The Potty Time Sniff and Kick
You’ve seen it countless times: on a walk or in the yard, your dog will sniff around, sometimes doing circles, sometimes doing a little dance, and sometimes following some strange pattern only he can discern, just to find the absolutely perfect spot to poop.
Why? You ask. Why not just, you know, go?
Well, the answer is that dogs are complex creatures, and there are differing opinions as to why dogs go through such elaborate rituals before they do their business. One answer is that it boils down to territory marking and communication through scent. Dogs’ strongest sense is their sense of smell, and they learn a lot about the other dogs in the neighborhood by sniffing around before potty. According to this article for Wired, dogs can tell not only who was at the same spot, but when, which is pretty astounding. They can pick up on that dog’s diet, and smell if there is a female in heat nearby, all from sniffing the potty spots of other dogs.
Leaving a little gift in the grass is also a way of saying “I Was Here!” And even though you pick up said gift with a bag, your dog still has a strong instinct to carefully consider the location of his potty break. It’s a way to mark territory and let the other dogs around town know who’s neighborhood they’re in when they do their own poop dances.
What about kicking?
After your dog has selected the perfect spot to leave his little doggie message and signature, sometimes he’ll kick, which, depending on the size and the strength of the dog, can be cute or mortifying, if he’s tearing chunks of grass out of your lawn. After all that effort and dancing and circling and sniffing to find the perfect spot, now he wants to kick too? Why?
The answer is, as you may have guessed, scent marking. Dogs spread their scent by moving the grass around, since their paws have glands that secrete pheromones. Scratching the ground and kicking is a sure-fire way to make certain even more scent gets around on the grass.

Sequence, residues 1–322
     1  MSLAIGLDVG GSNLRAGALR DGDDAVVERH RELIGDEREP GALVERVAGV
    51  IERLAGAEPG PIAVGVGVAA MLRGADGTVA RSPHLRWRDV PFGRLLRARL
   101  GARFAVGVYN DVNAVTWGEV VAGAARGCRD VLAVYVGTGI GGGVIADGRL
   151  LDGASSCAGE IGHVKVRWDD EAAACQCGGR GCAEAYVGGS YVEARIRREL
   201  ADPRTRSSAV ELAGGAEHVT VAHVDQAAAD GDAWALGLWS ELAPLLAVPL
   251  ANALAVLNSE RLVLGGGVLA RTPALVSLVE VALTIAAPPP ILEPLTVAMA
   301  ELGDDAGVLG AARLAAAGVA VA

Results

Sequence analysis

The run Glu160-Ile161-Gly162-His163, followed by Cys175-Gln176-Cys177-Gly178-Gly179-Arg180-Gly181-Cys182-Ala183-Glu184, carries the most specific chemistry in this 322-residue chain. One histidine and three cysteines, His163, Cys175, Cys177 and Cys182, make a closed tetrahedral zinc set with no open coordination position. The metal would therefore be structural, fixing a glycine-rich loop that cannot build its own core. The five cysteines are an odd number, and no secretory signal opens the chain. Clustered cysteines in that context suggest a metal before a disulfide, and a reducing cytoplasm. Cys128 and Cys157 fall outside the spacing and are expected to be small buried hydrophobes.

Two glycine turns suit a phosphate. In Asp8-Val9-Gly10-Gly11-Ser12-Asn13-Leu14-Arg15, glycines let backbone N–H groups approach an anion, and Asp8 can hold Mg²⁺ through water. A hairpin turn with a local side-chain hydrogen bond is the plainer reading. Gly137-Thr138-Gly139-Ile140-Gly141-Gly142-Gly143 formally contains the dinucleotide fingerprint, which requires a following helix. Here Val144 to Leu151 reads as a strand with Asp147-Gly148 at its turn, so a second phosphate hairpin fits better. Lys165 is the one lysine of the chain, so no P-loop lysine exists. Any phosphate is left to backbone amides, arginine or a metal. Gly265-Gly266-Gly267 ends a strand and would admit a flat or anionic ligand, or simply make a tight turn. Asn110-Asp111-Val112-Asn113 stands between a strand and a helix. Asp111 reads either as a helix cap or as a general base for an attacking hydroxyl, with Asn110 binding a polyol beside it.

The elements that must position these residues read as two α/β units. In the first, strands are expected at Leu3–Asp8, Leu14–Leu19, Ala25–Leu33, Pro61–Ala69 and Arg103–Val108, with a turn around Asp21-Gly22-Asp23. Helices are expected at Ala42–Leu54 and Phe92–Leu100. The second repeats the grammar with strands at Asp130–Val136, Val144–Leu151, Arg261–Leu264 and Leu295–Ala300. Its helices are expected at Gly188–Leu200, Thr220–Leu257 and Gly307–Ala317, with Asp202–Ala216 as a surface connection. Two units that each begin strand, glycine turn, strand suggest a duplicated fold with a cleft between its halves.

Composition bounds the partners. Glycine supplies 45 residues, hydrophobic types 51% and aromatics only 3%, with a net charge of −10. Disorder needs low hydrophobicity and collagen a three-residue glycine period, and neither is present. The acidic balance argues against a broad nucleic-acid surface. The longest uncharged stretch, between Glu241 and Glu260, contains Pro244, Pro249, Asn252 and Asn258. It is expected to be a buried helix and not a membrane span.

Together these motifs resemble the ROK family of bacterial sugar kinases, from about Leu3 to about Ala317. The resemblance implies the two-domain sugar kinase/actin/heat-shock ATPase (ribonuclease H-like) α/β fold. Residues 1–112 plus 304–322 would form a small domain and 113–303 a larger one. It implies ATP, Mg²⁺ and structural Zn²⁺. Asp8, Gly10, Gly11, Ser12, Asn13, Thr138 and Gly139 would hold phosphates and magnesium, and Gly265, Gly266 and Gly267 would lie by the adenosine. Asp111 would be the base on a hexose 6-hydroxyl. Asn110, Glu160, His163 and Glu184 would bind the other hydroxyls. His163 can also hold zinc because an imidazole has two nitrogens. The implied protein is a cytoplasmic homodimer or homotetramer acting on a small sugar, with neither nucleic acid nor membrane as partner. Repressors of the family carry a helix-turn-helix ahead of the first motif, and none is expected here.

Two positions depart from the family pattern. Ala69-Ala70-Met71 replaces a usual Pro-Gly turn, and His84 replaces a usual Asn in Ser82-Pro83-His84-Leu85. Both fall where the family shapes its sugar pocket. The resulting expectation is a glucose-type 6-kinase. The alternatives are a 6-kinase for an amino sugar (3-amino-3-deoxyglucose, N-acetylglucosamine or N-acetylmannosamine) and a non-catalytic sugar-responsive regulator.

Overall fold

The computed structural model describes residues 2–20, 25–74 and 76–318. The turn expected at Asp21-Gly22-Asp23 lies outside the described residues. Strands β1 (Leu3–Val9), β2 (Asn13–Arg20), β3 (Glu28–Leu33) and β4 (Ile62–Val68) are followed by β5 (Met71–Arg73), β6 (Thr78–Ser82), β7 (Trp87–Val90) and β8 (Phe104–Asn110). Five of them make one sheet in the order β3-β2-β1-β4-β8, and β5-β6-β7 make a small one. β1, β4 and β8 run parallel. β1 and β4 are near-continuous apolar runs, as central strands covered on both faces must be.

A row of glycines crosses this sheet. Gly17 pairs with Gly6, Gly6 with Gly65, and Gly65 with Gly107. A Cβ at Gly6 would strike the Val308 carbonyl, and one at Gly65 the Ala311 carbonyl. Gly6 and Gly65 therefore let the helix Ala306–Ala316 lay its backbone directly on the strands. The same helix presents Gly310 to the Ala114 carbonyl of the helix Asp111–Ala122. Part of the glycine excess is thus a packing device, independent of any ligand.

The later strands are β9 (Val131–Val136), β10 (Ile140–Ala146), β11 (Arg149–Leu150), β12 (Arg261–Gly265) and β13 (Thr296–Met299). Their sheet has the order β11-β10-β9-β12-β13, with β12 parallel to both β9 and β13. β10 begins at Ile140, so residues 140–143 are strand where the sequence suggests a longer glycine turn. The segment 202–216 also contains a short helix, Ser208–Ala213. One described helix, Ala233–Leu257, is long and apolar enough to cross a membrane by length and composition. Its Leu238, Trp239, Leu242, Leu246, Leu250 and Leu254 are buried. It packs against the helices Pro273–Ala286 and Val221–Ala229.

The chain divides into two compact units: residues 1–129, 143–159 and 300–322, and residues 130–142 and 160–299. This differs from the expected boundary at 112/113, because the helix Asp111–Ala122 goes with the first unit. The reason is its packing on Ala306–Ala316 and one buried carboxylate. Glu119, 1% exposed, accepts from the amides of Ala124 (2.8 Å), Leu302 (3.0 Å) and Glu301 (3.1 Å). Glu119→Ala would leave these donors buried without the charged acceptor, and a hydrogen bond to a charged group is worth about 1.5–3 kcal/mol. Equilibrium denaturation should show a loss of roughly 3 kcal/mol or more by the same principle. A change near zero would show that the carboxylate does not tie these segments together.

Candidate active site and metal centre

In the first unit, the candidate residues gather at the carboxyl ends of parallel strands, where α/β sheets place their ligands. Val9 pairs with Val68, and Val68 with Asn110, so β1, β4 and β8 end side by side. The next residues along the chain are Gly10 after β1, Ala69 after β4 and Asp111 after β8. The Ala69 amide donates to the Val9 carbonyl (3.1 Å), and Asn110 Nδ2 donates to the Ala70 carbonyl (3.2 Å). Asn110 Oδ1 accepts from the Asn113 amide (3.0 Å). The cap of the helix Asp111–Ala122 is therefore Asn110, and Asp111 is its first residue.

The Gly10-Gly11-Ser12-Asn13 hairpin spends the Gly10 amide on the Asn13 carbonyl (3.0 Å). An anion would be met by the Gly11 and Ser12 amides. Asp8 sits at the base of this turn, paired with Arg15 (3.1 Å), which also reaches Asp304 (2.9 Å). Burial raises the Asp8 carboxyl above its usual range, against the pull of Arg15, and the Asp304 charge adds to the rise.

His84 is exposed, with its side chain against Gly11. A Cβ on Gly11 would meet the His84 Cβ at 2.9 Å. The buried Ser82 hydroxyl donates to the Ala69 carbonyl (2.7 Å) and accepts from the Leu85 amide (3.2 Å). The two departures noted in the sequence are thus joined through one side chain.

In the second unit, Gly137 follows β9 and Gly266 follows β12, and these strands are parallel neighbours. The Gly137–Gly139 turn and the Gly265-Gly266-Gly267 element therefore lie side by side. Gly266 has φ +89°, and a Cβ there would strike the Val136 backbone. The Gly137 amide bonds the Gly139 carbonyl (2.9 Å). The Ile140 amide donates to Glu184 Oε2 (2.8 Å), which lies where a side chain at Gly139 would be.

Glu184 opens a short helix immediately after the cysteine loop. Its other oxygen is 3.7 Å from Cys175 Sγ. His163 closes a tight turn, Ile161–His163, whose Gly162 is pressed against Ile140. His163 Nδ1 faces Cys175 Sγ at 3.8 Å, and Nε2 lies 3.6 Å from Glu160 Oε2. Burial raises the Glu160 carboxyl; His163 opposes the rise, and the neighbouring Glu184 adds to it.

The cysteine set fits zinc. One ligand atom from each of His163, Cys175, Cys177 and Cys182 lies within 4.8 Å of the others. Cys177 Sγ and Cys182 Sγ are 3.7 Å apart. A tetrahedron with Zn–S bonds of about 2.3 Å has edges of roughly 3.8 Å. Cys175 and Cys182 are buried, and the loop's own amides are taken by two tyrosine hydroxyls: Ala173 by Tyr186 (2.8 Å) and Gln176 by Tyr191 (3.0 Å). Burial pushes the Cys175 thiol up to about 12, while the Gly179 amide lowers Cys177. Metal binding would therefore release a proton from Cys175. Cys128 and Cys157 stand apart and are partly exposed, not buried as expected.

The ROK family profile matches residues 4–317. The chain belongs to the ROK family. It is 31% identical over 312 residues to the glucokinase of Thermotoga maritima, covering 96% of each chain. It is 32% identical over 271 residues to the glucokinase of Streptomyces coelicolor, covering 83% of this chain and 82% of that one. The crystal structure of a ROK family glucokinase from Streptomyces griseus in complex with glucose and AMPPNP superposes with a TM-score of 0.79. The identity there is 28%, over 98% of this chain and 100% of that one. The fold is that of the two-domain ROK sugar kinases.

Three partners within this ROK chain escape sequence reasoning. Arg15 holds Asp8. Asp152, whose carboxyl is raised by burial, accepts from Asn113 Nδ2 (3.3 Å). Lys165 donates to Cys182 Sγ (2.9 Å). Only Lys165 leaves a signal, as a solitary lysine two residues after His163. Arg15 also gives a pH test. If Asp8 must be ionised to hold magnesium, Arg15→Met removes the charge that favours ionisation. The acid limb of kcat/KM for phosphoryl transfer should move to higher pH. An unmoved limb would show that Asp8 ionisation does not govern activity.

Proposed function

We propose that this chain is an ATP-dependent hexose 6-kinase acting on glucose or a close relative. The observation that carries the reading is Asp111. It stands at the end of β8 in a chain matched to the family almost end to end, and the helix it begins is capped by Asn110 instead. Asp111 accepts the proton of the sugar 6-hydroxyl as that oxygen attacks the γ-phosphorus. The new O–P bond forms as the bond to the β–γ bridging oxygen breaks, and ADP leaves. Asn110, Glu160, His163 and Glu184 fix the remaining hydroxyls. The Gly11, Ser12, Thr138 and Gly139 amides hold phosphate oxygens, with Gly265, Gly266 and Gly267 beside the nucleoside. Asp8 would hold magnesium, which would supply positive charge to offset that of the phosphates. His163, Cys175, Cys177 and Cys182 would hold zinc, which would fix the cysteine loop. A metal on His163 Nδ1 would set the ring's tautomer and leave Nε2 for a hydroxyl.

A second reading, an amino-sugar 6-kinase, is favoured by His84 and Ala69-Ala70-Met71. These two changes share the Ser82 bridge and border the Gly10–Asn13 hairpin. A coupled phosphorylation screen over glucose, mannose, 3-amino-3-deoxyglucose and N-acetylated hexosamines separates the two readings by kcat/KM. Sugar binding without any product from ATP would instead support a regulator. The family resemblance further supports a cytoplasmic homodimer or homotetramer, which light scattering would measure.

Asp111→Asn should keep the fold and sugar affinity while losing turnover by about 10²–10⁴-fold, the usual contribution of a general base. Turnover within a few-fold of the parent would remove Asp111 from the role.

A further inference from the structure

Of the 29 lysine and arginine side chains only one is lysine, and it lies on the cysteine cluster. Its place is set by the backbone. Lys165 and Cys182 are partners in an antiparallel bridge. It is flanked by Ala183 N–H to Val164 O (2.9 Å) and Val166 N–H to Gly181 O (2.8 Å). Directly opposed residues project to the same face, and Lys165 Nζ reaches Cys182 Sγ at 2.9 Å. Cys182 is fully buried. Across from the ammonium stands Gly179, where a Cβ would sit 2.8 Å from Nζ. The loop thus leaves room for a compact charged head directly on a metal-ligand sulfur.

What if they take forever to go?
Sometimes your dog takes forever to go potty not just because he has to find that perfect spot, but because the environment around him is distracting. Loud noises from trucks, trains, or lawn care services, for example, can startle dogs into holding it. Every dog is different, and some don’t seem to care about distractions. Other dogs won’t go potty during a rainstorm for love or money.
The Wired article also suggests that some dogs don’t want to go potty right away because holding it means they can stay outdoors longer. It sounds a bit manipulative on the dog’s part, but most dogs love to be outside, and if they aren’t getting enough outdoor enrichment and exercise, it’s easy to imagine them stalling during their potty break. It may be that if you increase the amount of time you spend with your dog outside they may be more willing to do their thing during potty time. Other dogs just prefer to poop on their own property, and rarely do so on a walk.
Some people train their dogs to do their business immediately once they go out, and often in a specific section of the yard. For older dogs, this could take some getting used to, but it’s worth a shot if your dog is a really hesitant pooper, or if you just want to ensure that you can rely on your dogs to go out and go potty right away. This article from IHeartDogs has some training ideas.